In 1976, Cray Research installed one of the most successful supercomputers of all time; the Cray-1. Capable of 160 million FLOPS (only matched by desktops 20 years later) the first of these 80 MHz giants sold for $8.8M. Utilising a staggering 32 MB of SRAM and performing 3 floating point operations per a cycle, this was the ultimate computer. The Cray-1 was designed to be fast and, as such, was heavily pipelined. As a result instruction execution time needed to be known in advance which lead to a RISC style architecture as opposed to x86′s CISC approach.
Fast forward to today and the numbers seem insignificant but there’s still something rather romantic about the Cray-1. Enter Chris Fenton with the dream of someday owning his own Cray-1. A freshly minted Electronic Engineer, Fenton opted to build his own Cray-1 using an FPGA kit, namely, the Xilinx Spartan-3E 1600 development board. It may not reach the spec of the original but it comes close without costing thousands of dollars.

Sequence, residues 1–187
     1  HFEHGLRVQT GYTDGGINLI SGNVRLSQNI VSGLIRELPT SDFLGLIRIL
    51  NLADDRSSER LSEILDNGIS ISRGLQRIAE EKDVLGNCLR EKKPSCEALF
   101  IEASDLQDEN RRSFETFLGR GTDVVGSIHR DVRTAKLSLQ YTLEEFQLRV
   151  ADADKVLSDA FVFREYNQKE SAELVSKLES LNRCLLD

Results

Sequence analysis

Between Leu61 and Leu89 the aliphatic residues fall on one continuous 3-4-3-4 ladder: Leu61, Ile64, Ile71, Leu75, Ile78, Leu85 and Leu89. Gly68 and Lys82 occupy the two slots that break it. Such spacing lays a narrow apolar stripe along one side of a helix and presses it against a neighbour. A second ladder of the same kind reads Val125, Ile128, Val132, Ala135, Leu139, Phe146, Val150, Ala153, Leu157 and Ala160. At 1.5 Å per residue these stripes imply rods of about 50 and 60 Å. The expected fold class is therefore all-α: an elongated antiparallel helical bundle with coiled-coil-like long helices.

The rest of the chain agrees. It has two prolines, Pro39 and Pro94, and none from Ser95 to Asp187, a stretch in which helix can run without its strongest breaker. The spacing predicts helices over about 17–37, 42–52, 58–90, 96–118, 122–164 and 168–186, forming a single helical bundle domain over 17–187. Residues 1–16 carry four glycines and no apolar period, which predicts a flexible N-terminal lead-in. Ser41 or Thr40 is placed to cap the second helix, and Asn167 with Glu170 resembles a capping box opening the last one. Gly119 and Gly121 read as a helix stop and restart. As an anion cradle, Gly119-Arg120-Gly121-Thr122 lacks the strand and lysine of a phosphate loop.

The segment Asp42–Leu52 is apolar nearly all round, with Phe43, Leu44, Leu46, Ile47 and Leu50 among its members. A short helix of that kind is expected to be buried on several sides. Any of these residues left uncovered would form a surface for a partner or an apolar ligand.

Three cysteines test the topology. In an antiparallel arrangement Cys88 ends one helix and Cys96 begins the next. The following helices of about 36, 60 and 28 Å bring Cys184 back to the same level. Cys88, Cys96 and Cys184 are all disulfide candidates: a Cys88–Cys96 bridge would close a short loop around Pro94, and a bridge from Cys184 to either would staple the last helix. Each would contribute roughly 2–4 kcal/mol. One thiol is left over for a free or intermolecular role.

Working with the Cray-1 Hardware Reference Manual he set about creating a binary-compatible, cycle accurate 1/10th scale Cray-1. Starting with the simpler arithmetic functional units Fenton worked his way up through the floating point units and on to implement the vector chaining that was fundamental to the Cray-1′s performance.
While it is not quite finished and it is rather short on RAM, Chris Fenton has produced one of the most inspiring home projects around, coining the term “computational necromancy” along the way; a term which we hope to hear again sometime soon. pWhile it is not quite finished and it is rather short on RAM, Chris Fenton has produced one of the most inspiring home projects around, coining the term “computational necromancy” along the way; a term which we hope to hear again sometime soon. Philip Barlow